Methylomic profiling implicates cortical deregulation of ANK1 in Alzheimer's disease

Abstract

Alzheimer's disease (AD) is a chronic neurodegenerative disorder that is characterized by progressive neuropathology and cognitive decline. We performed a cross-tissue analysis of methylomic variation in AD using samples from four independent human post-mortem brain cohorts. We identified a differentially methylated region in the ankyrin 1 (ANK1) gene that was associated with neuropathology in the entorhinal cortex, a primary site of AD manifestation. This region was confirmed as being substantially hypermethylated in two other cortical regions (superior temporal gyrus and prefrontal cortex), but not in the cerebellum, a region largely protected from neurodegeneration in AD, or whole blood obtained pre-mortem from the same individuals. Neuropathology-associated ANK1 hypermethylation was subsequently confirmed in cortical samples from three independent brain cohorts. This study represents, to the best of our knowledge, the first epigenome-wide association study of AD employing a sequential replication design across multiple tissues and highlights the power of this approach for identifying methylomic variation associated with complex disease.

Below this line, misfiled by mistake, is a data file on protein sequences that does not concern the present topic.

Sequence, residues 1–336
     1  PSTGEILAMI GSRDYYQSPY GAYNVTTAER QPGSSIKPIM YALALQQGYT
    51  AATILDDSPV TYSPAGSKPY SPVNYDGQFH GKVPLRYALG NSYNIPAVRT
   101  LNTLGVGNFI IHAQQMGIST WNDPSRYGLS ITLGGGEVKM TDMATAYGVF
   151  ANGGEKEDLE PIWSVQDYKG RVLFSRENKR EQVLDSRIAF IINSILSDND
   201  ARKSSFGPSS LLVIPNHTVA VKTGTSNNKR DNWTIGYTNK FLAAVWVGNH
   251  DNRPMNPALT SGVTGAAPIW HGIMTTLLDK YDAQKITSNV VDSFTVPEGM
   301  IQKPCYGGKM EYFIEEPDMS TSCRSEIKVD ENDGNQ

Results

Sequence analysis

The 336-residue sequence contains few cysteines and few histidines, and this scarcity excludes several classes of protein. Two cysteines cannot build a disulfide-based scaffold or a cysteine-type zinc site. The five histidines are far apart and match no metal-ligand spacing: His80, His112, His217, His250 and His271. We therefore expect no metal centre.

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Figure 1: Cortex-specific hypermethylation of ANK1 is correlated with AD-associated neuropathology in the brain.
Figure 2: Neuropathology-associated DMPs are consistent across sample cohorts, with replicated evidence for ANK1 hypermethylation.

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Acknowledgements